Political Fracas 2012: Candor in politics? Believe it and weep
The Kansas City Star
Yep, that’s me
At least right out of the starting gate, the contest between Democrat Claire McCaskill and Republican Todd Akin for the U.S. Senate seat from Missouri offers a refreshing change of pace.
None of this whining about an opponent “distorting my record.”
Confronted with McCaskill’s accusation that he had compared federal student loans to stage three cancer, Akin told a reporter, “I called a spade a spade,” thereby compounding a truly far-out position with a racially questionable idiom.
Akin, a congressman from St. Louis, was just as sanguine when McCaskill, the incumbent senator, criticized his opposition to federal funding for school lunches.
“I think the federal government should be out of the education business,” Akin said.
He allowed that it would be OK for states to pay for meals for low-income students, which for cash-strapped states would probably mean choosing between lunches and books. And students in one state shouldn’t go hungry while a more generous legislature opts to fund lunches.
Akin gets some credit for sticking to his principles, even though he’s wrong.
Regarding those malignant federally-backed college loans, about 160,000 Missouri families use them to help with college costs, and they entail much less risk than private bank loans.
And the National School Lunch Program provides about 650,000 meals a day through the use of cash assistance and surplus food. In districts like the Kansas City Public Schools and Hickman Mills, eight of 10 students benefit from the program. Even in a more affluent district like Lee’s Summit, almost one in five children qualify for the benefits. Being hungry to learn is a good thing; learning while hungry is something else entirely.
Running mates unleashed
The two men hoping to be the vice president in 2013 both stepped in it this week.
At a Virginia campaign rally, Democratic incumbent Joe Biden told his audience that Mitt Romney “said in the first 100 days he’s going to let the big banks once again write their own rules, ‘unchain Wall Street.’ They’re going to put y’all back in chains.”
Given that Biden was addressing an audience that included a large number of blacks, the remark came across loaded with inappropriate racial overtones.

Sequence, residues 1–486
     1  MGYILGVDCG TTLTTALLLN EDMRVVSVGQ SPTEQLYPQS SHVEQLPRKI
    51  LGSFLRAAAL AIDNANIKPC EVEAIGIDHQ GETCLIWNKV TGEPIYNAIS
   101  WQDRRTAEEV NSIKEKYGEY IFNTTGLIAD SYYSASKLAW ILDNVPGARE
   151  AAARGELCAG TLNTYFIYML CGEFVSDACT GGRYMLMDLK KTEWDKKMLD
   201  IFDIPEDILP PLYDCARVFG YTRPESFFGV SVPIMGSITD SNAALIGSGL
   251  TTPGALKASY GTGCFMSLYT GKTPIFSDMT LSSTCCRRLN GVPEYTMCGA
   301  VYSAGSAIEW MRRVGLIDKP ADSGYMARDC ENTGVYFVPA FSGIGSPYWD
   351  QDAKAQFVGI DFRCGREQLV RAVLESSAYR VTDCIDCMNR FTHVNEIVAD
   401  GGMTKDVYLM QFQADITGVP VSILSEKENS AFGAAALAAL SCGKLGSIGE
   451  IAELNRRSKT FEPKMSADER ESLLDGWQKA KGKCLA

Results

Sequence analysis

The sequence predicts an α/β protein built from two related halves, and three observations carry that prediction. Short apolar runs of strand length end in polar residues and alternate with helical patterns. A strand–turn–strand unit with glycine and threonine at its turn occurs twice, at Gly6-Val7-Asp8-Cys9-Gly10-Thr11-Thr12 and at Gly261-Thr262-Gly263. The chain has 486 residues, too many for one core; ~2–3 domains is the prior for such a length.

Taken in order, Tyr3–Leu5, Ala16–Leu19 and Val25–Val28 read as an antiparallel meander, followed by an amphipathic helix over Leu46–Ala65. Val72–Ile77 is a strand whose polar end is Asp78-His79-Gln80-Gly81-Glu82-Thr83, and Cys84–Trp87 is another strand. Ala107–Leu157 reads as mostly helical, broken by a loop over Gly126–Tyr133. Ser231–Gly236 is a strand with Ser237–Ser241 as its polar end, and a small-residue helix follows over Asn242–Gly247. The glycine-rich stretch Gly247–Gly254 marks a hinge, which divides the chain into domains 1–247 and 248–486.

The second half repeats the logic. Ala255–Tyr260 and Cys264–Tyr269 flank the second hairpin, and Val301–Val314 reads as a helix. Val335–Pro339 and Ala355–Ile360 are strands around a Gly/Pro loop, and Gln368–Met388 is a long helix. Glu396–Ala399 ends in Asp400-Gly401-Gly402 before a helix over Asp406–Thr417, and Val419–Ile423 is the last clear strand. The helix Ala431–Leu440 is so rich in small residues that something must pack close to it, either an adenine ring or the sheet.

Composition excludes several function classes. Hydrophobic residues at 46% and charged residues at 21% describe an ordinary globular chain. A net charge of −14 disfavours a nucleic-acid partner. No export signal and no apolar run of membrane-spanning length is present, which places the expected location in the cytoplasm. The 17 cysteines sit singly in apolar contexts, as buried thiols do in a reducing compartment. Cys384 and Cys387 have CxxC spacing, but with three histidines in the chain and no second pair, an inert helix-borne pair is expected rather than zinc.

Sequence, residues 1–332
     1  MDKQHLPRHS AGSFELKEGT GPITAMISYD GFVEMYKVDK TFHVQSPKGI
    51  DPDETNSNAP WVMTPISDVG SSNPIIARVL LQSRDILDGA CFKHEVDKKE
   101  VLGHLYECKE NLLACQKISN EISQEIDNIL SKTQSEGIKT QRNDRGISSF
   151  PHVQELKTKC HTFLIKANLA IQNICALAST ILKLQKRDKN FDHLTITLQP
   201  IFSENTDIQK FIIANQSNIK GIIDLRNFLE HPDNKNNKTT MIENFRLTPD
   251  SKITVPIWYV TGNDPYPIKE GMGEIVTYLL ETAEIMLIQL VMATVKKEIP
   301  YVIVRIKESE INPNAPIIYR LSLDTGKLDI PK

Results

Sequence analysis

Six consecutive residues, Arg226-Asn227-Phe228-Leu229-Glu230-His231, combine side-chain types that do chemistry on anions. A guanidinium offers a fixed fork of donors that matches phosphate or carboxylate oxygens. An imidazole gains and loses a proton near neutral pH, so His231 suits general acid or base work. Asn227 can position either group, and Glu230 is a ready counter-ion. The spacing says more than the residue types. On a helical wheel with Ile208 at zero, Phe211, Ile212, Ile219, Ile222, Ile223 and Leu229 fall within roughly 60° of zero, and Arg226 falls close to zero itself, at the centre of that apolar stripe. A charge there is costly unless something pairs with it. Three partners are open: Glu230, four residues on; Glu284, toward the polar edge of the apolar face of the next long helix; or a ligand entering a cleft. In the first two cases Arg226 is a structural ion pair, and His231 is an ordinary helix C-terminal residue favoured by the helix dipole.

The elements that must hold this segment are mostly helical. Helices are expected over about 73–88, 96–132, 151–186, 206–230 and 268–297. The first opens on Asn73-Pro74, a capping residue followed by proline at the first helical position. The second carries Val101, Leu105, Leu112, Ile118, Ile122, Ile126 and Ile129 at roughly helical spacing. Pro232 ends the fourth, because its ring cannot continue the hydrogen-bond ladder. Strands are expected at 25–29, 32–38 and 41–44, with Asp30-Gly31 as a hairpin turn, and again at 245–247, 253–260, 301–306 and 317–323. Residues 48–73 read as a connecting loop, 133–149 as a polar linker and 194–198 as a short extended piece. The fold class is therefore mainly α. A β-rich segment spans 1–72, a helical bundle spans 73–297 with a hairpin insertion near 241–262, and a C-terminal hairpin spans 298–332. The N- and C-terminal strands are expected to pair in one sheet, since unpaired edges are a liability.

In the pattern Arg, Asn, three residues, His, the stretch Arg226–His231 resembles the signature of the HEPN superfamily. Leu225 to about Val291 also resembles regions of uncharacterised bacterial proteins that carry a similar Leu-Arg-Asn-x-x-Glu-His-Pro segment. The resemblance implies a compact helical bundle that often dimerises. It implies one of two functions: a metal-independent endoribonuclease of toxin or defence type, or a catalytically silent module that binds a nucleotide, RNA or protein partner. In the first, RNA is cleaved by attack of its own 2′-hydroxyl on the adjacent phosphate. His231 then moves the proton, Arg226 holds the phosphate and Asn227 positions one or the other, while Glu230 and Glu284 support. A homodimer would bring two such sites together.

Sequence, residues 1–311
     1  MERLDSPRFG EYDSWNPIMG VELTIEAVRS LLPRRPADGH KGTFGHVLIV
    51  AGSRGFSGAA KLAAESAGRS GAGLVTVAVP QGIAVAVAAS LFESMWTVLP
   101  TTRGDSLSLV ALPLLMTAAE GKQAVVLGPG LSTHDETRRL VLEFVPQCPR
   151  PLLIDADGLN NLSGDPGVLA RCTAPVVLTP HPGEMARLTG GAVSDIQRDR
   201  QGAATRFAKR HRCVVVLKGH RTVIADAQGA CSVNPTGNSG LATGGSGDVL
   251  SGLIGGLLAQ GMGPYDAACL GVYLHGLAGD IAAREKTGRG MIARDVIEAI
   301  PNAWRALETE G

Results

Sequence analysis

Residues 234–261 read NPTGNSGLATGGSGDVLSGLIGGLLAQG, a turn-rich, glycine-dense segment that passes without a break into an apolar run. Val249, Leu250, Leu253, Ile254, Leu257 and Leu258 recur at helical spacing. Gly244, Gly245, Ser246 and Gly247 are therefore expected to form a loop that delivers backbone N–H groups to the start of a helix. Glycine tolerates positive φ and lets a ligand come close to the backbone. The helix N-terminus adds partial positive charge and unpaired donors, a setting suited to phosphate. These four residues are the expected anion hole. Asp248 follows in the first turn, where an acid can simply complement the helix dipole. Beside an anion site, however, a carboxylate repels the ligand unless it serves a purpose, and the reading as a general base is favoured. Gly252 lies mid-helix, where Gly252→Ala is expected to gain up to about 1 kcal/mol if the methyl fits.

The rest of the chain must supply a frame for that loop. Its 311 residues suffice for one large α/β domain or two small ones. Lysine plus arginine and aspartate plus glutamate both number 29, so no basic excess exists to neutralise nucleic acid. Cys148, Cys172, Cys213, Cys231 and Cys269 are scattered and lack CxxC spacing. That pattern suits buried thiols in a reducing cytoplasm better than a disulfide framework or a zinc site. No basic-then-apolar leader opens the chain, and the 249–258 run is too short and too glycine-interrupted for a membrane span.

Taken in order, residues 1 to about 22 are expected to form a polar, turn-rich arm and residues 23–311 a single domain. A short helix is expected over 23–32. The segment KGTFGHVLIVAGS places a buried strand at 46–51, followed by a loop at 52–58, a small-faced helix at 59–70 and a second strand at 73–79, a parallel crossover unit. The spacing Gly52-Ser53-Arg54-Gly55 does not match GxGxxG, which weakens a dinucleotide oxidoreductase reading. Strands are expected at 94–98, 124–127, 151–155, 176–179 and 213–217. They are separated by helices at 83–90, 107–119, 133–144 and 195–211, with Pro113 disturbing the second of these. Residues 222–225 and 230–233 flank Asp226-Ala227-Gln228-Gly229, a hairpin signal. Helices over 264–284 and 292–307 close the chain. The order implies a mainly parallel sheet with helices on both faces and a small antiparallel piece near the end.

President Barack Obama and other Democrats, including Kansas City Congressman Emanuel Cleaver, quickly jumped in to clarify what Biden supposedly meant to say, never a good sign. They claimed he had actually wanted to use the term “unshackle” Wall Street.
But with Biden, who often speaks from the heart, it was a tough case to make. Most likely he meant what he said, and he shouldn’t have said it.
Meanwhile, Paul Ryan, who is Romney’s pick for the number two spot, asserted that his hands were clean of those dreaded stimulus funds that tea party types so profoundly detest. Never had he asked for a penny of them, he told reporters.
Oops. Media organizations found several letters signed by Ryan requesting millions of dollars in stimulus money for two companies in his Wisconsin district.
Even worse news for Ryan devotees: The letters were sent on behalf of energy conservation companies, one of those GOP-despised liberal efforts to green up America.
Ryan had to acknowledge his mistaken — and hypocritical — assertions on Thursday.
Maybe he should have just stuck with the truth, that he wrote the letters because the stimulus money could create jobs in his state, just like Obama said it would.
That taxing question
Mitt Romney is digging in. No way will he and wife Ann release any more tax returns, even though his vice presidential prospects had to disclose several years’ worth during the vetting process.
OK, then. Romney should have coughed up 10 years’ worth of returns and gotten this issue off the table months ago. But since he hasn’t, and says he won’t, we are left to wonder why.
Into the information vacuum pops imagined embarrassments: Is a charitable donation to some pinko, liberal outfit buried somewhere in those files? A dependent horse tax break? Did he claim the upkeep of Seamus as a business expense?
None of the above, we reckon. But Americans do have a right to learn how the man who might become the nation’s leader made his money, and how much he paid into the U.S. Treasury.
Romney’s assertion this week that he never paid less than 13 percent of his income is hardly reassurance to the multitudes of middle-income taxpayers who pay a much higher rate.